MAAC Review: JOHN WICK – CHAPTER 3: PARABELLUM

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Keanu Reeves returns as the dog living hitman in John Wick: Chapter 3 – Parabellum. Upping the ante even further than the previous entry, Reeves and director Chad Stahelski have created what is one of the finest Hollywood action movie of the year, packed to the brim with spectacularly violent set pieces.  

Carrying on only minutes after the finale of the second movie, John Wick (Keanu Reeves) is now on the run, being hunted down by numerous assassins sent from the High Table, the secret criminal society Wick once worked for. 

Forced to cash in the last of his favours, Wick finds himself in Casablanca seeking the assistance of old associate Sofia (Halle Berry), who unwillingly helps Wick meet the mysterious head of the High Table.

This leads to some gloriously brutal action scenes incorporating martial arts, sword fights, gunplay and some crazy vehicular mayhem. The age rating of John Wick: Chapter 3 is pushed to the limit with countless shootings, stabbings and bones being broken.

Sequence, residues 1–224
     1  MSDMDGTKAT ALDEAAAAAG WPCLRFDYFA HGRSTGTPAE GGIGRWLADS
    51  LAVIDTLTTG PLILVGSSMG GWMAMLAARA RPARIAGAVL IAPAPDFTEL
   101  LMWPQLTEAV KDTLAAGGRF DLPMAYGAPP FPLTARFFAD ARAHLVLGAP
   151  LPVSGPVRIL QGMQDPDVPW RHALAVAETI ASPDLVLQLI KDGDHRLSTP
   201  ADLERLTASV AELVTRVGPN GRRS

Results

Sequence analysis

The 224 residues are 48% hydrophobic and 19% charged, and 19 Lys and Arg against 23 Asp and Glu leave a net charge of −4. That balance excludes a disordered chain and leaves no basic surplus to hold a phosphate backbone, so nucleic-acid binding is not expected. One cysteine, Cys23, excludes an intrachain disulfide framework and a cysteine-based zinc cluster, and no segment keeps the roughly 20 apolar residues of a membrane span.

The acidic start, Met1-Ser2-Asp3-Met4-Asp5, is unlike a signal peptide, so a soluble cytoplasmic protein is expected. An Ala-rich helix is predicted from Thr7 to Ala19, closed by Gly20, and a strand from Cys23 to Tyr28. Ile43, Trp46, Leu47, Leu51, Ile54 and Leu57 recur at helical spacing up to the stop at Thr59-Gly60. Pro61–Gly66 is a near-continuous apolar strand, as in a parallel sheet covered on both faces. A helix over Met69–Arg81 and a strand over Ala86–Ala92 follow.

Stahelski continuously comes up with inventive ways to kill people. One memorable scene has Wick break someone’s neck with a library book while another has him slowly push a knife through an assassin’s eye which is shown in full close up.

In regards to Stahelski, he proves once again that he is one of the finest action directors Hollywood currently has to offer. His background as a stunt performer and co-ordinator was the perfect breeding ground, clearly knowing what is needed to make an exciting action scene.

Whilst Stahelski does not stretch himself in terms of storytelling, his skill with the action is not in doubt, and when the action is this good, the shortcomings of the story do not matter as much. I have not seen a mainstream actioner with such good action scenes since the days of John Woo (Hard Boiled, Face/Off).